I often wonder whether the law of evidence has developed in the way it has purely because of the adversarial nature of common law litigation or perhaps as a result of our use or abuse of juries.
It is easy to say that the very nature of an adversarial system necessitates a series of specialist rules and that under a civil or administrative law system such complexity is simply not needed. This may be so, but I regard it as unacceptable that our rules have developed to a level of complexity that few have mastered and from which the public can easily cite examples of exclusion that many believe illustrate a system not geared toward achieving justice at all.
It is true, of course, that most issues in life are much more complex than our “she’ll be right” attitude sometimes suggests. So, too, Occam’s razor; while handy at a basic level the most obvious answer may not actually be the logical or reasonable answer in many cases.
These realities aside, I am nonetheless left unsatisfied by my fancy logic driven answers to the question of why evidence was not admitted in particular cases. Don’t get me wrong, I am entirely comfortable with my ability to present such arguments and I am passionately committed to the application of logic and reason in achieving standards of proof. However I am often left somewhat empty by my arguments in a way that recourse to pure logic and reason sometimes does.
If my answers are met with “yeah, but the jury should have had that before them” then I feel left with needing to justify the judge’s assumption of human nature and the inevitable balance made by the judge between probative value and unfair prejudice.
In the Chen case (R v Yun Qing Liu  NZHC 1125), one journalist I spoke to seemed appalled that the judge would even attempt to second guess what a jury might or might not do let alone act as a filter on what they could or could not hear based upon presumptions on their ability to deal with evidence.
In this column I do not want to look at the virtues of juries, the rights or wrongs of a jury system or speculating on their future use. What I do want to talk about for a moment is our love-hate relationship with juries; treated all intelligent and all-knowing at one moment and ignorant and full of prejudices the next.
Role taken seriously
In my experience juries have taken their role incredibly seriously. There will always be exceptions to the rule but I just do not agree that New Zealand juries are full of the unemployed and the elderly (often cited as if these groups are entirely unable to think or act logically and in a considered way). While individually we all have our weaknesses in terms of our ability to reason and consider complex scenarios, the collective ability of a group of 12 is rather more robust. The system recognises this in its presumption that juries can and ought to deal with complex expert evidence.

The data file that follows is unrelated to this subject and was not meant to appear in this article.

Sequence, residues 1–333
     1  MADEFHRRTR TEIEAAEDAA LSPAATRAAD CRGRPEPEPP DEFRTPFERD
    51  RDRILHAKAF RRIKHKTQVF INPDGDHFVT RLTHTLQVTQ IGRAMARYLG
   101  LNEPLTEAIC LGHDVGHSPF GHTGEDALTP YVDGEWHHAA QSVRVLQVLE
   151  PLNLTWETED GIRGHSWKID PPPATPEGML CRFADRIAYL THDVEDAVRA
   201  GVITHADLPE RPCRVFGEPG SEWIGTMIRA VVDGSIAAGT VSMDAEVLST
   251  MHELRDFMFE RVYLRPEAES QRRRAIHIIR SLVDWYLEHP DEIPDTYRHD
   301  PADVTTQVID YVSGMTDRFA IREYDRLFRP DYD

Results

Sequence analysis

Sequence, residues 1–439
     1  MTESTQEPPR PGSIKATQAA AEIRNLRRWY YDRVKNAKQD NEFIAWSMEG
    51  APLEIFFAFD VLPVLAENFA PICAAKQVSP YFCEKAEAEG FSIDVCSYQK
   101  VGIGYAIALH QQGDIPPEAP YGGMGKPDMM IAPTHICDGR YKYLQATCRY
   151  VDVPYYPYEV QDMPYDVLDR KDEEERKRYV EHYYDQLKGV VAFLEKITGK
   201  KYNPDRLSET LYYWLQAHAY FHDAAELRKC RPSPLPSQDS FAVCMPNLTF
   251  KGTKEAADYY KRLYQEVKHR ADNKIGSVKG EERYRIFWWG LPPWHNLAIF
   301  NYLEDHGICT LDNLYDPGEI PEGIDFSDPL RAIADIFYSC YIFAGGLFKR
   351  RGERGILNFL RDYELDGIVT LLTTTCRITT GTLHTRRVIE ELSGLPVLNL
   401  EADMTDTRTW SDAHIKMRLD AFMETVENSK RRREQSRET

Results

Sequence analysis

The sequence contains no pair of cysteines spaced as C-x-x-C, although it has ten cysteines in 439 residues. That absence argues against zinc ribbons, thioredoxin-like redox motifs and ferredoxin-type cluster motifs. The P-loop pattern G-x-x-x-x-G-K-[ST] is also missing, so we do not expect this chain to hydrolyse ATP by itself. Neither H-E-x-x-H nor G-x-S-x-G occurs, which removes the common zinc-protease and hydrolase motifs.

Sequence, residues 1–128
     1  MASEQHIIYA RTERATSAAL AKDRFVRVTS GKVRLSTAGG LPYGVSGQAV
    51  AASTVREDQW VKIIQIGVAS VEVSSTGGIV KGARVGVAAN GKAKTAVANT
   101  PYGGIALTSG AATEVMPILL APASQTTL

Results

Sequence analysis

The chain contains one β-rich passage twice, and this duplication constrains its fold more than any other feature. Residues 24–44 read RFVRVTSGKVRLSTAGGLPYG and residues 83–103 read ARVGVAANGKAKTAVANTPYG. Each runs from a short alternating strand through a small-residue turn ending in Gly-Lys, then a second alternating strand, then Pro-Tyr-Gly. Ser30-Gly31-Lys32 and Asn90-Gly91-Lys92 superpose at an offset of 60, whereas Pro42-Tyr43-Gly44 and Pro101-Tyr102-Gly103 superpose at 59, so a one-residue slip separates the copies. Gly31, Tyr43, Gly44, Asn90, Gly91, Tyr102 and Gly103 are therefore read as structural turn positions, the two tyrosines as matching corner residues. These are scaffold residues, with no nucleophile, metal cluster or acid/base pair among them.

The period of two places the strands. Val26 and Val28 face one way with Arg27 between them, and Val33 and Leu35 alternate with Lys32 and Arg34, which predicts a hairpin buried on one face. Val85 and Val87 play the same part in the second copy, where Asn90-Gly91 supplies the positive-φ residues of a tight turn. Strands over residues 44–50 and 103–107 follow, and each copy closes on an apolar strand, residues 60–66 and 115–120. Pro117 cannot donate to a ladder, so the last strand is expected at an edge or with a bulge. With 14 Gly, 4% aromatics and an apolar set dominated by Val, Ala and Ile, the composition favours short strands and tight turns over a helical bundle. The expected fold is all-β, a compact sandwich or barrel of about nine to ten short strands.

Sometimes that presumption falters and juries seemingly fail to grasp the intricacies of expert evidence. However, that is not something that lawyers or judges are necessarily better trained or placed to avoid.
At other times the system regards juries as particularly prone to bias, skewed reasoning or applying flawed logic. The assessment of unfair prejudice by a judge when determining admissibility is a prime example of where assumptions as to the ability of juries to deal with nuanced issues arises.
I am just not convinced that juries are unable to differentiate the use of evidence, say, in the case of a victim statement of perceived guilt (the Chen case) or the admission of previous convictions.
The trust question
So my rhetorical question is, do we trust juries enough or too much?
At base, the perceived danger in criminal trials in regards to juries is that without very careful monitoring evidence may be adduced that does little other than creating a case based upon the moral character of the accused. Even despicable human beings, the immoral, the self-professed thieves, rapist and murders deserve a fair trial. It is, therefore, in the area of character evidence (veracity and propensity) that special care is taken with the admission or exclusion of evidence.
But are juries completely incapable of understanding or following a direction from a judge as to the dangers of such evidence? Are they all so persuaded or obsessed with drawing moral judgments of the character of an accused? Do they really believe that if you are charged you must be guilty?
We expect juries to understand some highly complex directions at times (the old direction on provocation is a prime example) so why should we doubt their ability to be on guard against bias, moral stereotyping and sloppy thinking?
The issue of jury competence is a vexed one often augmented by polarised thinking. This column will give rise to many polarised views, I am sure, but my question still remains, does our recourse to legal logic always result in a just outcome on admissibility?
Dr Chris Gallavin is an Associate Professor and Dean of Law at Canterbury University. He has published extensively on criminal justice and on evidence and procedure in particular. He is the author of the appellant handbook, Evidence(LexisNexis, Wellington, 2008), and regularly undertakes consultant work in the area of the law of evidence.